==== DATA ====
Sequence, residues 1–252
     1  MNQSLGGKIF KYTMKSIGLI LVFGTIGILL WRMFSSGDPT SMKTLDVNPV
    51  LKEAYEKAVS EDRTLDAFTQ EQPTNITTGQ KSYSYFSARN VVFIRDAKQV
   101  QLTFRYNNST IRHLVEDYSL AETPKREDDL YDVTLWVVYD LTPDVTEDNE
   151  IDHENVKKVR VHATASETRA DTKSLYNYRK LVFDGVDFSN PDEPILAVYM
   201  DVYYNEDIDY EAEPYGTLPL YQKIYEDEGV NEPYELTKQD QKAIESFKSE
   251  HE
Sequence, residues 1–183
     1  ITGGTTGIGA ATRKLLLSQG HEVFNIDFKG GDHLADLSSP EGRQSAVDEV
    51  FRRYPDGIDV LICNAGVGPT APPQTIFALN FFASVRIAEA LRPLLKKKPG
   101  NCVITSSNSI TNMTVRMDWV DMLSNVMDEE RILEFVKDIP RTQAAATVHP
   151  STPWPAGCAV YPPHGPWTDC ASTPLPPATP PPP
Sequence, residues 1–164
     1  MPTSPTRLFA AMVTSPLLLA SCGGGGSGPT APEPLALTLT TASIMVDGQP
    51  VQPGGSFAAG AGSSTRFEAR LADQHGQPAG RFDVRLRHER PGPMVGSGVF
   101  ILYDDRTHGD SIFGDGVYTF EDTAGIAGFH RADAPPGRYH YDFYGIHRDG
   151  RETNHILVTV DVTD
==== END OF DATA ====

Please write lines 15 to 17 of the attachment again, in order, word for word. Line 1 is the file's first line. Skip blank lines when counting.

    51  VQPGGSFAAG AGSSTRFEAR LADQHGQPAG RFDVRLRHER PGPMVGSGVF
   101  ILYDDRTHGD SIFGDGVYTF EDTAGIAGFH RADAPPGRYH YDFYGIHRDG
   151  RETNHILVTV DVTD